Muhammad Ali once said, "I'm so fast that last night I turned off the light switch in my hotel room and was in bed before the room was dark."
Brian Orakpo is faster.
During a training cam practice Orakpo lined up across Pro Bowl tackle Chris Samuels for one-on-one lineman drills.
He was at the quarterback before the coach finished blowing the whistle.
Leaving the University of Texas after his senior season as the most decorated collegiate football player in recent memory, Orakpo hopes to bring his winning pedigree to the Washington Redskins.
Unlike most rookies though, he won't have to wait long for that chance as he has quickly earned the respect of his coaches and peers, taking the majority of his reps with the first team defense. He is currently listed as the starting linebacker.
"It's still football, that's what I have learned," Orakpo said, sipping a blueberry smoothie. "The transition has gone well. It's good because, basically, I play linebacker on running downs. And when it's time to get after the quarterback and it's time to get us off the field, I'll get down at defensive end and rush the passer. I don't have to mess with those big guys all day. I can run around them now."
Opposing quarterbacks, you can start worrying now.
"Sacks," Orakpo said. "Love 'em. Not even sacks, just hitting quarterbacks and watching them not complete a [pass]. And watching them get up real slow. I mean, I love it. I love it. It's a rush. Because once you do it one time, you want to see what move is going to allow you to do it the next time."
It is that attitude that excites veteran lineman Phillip Daniels, who has high expectations for the Redskins defense this year. The unit finished fourth overall in the NFL last season.
"Right now, he's two-dimensional. He can play linebacker, and he can move to the end," Daniels noted. "It makes it a better situation for us. Hopefully we can get that number four ranking [overall defense] up to number one."
In preseason, Orakpo had to transition to linebacker, adjust to the defensive scheme and integrate himself into the defensive line rotation.
Greg Blache doesn't see his learning curve as an issue, though. He projected Orakpo as a starter from the get-go.
Orakpo is slated to start at linebacker and play some defensive end this Sunday when the Redskins take on the New York Giants at the Meadowlands.
"He is unlike most rookies you ever come across," Blache said. "His maturity, as far as a player and a person, is what sets him apart. I have no reservations about starting him."
Orakpo is fast, Blache said, but there is another level of speed coming when the regular season kicks off.
"I'm just concerned with how he handles the speed of the game, all game," Blache said. "He'll see that for the first time."
Orakpo radiates confidence as he walks through the practice facility.
A star defensive end in college, Orakpo combines his speed with immense strength and strong football intelligence; an Incredible Hulk-like destruction crew neatly wrapped in a 6-4, 260-pound package.
Given his winning pedigree and physical tools, Orakpo's early success should surprise no one.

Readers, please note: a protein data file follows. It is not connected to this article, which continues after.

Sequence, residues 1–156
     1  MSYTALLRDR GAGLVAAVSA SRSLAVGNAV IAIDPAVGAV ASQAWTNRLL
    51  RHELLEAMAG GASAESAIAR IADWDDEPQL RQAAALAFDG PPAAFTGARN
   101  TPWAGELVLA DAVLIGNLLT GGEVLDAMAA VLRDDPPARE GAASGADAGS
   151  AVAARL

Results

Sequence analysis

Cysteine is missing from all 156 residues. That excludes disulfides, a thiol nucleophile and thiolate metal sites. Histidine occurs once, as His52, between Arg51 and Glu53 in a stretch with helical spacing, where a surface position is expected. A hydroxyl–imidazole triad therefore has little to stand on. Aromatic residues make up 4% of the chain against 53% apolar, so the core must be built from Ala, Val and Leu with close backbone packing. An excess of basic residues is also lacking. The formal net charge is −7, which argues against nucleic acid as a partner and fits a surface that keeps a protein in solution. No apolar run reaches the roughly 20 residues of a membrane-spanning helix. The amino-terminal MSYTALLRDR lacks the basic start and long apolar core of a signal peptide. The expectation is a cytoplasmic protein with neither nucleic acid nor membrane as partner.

In his last year in Austin Orakpo recorded 40 tackles and 11.5 sacks. He was named the Associated Press Defensive Player of the Year. He was later awarded the Bronko Nagurski Trophy for best defensive player, the Ted Hendricks Award for best defensive end, and the Lombardi Award for best lineman or linebacker. He finished his career with 103 tackles (75 solo), 23 sacks, 34.5 tackles for a loss, and six forced fumbles.
Despite his immense skill set and impressive trophy case, Orakpo is not one to brag.
He is not cocky. He is not flashy. He is not brash.
If anything, Orakpo is a quiet, humble rookie that is finding a niche in an immensely talented Redskins defense.
He is a young man that wants to be remembered for his actions, on and off the field.
"On the field, I want to be known as a guy that is very humble, very well-respected, works hard and is a leader for his team, when it's all said and done," Orakpo said. "Off the field, I want to be known as a great guy to get along with, a good family man, and a guy that has a lot of respect for people that respect him."
Said linebackers coach Kirk Olivadotti: "He has the mindset that he definitely belongs here. He just keeps his head down and wants to go to work. It's going to help him, and that whole locker room that he's surrounded with, that's their mindset, and he has just bought into that."
Orakpo still has work to do.
The linebacker position requires him to play more in space. He must adapt to covering physical tight ends and speedy running backs on pass plays.
"He's still learning like everybody else. He has a lot of things he still needs to work on," Olivadotti continued. "He has certain things that he's really good at, and other things that he's still working on, so he's in the same boat that everybody else is."
Said Orakpo: "I'm feeling a lot more comfortable [at linebacker]. Once the repetition comes, and you experience more and more, you get accustomed to certain things. As a linebacker, I'm able to open my hips a lot more, I'm able to read pass coverage, read different formations, and just fly around."